I nearly fell off my chair the other day, listening to Mick Malthouse talk about the power of meditation and how he has come to value it as such an important part of his life, his game plan and his player’s performance.
Now I’m very pleased that the concept is even being discussed out there on a such blokey mainstream level, but had it not come from a such a respected sporting icon such a Mick, I can’t help but think it would be largely written off as a useless past time pursued by a bunch of hessian wearing hippies, who need to reach for the deodorant bottle.
And please note, on this misconception about hippies being a bit whiffy and furry around the pits, I would like to say I have met some beautifully dressed, non lentil loving types who appeared to be smuggling hamburgers, but let’s move on.
Meditation is actually becoming more and more a mainstream concept, and that’s great, because we westerners don’t spend nearly enough time shutting our traps and calming our minds.
Any wonder so many of us are ending up depressed or anxious! We don’t spend nearly enough time blocking out incoming verbal traffic. There’s a 20 car ‘thought’ pile up in our heads, which causes panic because the brain can’t process and file. It just gets jammed.
Now, don’t get me wrong, I’m not exactly the face of meditation, I have however slowly introduced versions of it into my life.
For instance a walk along Henley beach with my dog Marley, phone off and in the moment. Simply noticing the formation of clouds, feeling the breeze, and watching the sparkling of the sun on the water. That’s meditation.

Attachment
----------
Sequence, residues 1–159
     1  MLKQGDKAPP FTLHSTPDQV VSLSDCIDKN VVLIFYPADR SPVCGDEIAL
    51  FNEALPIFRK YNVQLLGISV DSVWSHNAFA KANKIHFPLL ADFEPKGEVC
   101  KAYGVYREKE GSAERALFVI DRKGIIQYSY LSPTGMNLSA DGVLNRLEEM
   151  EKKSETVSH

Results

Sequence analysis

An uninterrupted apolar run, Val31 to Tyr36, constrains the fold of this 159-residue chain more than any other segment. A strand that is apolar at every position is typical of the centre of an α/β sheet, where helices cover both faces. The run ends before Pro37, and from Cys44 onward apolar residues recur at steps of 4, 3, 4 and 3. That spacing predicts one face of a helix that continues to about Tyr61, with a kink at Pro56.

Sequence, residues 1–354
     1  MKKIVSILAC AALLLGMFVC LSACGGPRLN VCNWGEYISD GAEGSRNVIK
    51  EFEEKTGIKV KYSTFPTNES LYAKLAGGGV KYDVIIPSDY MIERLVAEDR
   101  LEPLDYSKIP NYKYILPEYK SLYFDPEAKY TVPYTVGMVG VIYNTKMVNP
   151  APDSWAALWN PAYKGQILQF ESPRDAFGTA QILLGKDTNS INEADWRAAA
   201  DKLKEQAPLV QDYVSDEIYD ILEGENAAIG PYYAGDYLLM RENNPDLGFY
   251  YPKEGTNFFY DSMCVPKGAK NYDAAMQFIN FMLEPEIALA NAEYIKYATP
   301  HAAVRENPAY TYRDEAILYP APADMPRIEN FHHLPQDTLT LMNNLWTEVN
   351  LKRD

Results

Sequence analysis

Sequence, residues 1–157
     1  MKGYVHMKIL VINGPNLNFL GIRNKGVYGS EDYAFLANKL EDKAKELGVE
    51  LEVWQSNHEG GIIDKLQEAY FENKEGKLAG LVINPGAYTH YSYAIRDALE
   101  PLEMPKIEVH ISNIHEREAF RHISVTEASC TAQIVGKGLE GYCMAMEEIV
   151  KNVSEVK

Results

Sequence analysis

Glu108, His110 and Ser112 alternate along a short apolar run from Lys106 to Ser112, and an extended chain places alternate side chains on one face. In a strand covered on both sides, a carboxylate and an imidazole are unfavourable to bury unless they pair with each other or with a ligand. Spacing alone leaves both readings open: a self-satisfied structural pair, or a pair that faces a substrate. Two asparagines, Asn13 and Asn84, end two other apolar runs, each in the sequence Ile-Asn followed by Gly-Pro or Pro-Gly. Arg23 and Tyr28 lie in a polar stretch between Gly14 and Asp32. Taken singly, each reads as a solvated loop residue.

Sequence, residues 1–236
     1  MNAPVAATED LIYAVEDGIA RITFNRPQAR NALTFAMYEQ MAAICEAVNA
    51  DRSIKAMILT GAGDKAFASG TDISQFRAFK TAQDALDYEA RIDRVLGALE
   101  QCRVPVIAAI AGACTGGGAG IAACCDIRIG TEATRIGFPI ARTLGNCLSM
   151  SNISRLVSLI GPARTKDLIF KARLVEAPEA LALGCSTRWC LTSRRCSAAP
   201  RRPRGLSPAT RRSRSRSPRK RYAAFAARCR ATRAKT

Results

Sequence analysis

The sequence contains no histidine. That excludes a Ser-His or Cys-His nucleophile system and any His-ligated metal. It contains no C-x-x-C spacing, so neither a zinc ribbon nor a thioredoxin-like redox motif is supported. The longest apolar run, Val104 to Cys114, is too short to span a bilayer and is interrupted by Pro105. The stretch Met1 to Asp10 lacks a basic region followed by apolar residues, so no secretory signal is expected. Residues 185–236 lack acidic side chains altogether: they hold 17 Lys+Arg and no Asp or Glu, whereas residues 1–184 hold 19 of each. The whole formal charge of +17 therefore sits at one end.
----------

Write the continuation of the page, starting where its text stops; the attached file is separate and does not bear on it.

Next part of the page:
Even in the shower, visualising the water washing away any bad thoughts and energy, and setting an intention to be grateful for everything I have, and for a great day ahead is now part of my routine. Taking time to check for negative thoughts that I may have carried over from the day before.
Silence is golden, and it’s becoming the fashionable thing to do. Silence retreats are popping up everywhere and yoga studios are everywhere. Anything that promotes quiet minds and breathing lungs is becoming uber-cool!
At the 11th hour, on the 11th day of the 11th month we’ve grown up taking a minute’s silence to remember our fallen soldiers. Think about the power we know that 1 minute can have?
Picture this then, on a little island not too far away, a place close to many of our hearts – called Bali – one day a year around Easter, the whole island is expected to be completely silent to honour what they call Nyepi. Nyepi comes from the Balinese sepi, which means “quiet”.
For a whole day and night everyone and I mean nearly everyone, goes into silence and seclusion. No TV, no cars, no iPods, no electricity, no travelling, no nothing. Not even any sex. No matter how quiet you might be. That falls under fun and fun is a no-no for a day.
The two beauties I see with this tradition is the full discipline of shutting down every distraction known to man, literally and pulling everyone into the vortex of reflection and peaceful inner dialogue.
The fact that this is a Hindu tradition but if Nyepi falls on a Friday, the island’s Muslim population is allowed to attend prayers but out of respect for Nyepi, will make their way to church quietly and without conversation which really gives a glimpse of a world in religious harmony. Can you imagine that?
Even the Christian Balinese have cancelled Sunday masses if Nyepi falls on this day and encourage their parishioners to pray quietly at home.
Hearing Mick Malthouse and the radio host talking about meditation the other day was exciting to me. Two very Aussie grown men thrashing around the power of ‘quiet’. And wonderfully from a man that has the ability to make the non-meditating types, actually shut up and listen.
ARE YOU A MEDITATOR? HOW DO YOU DO IT? HOW HAS IT AFFECTED YOUR LIFE?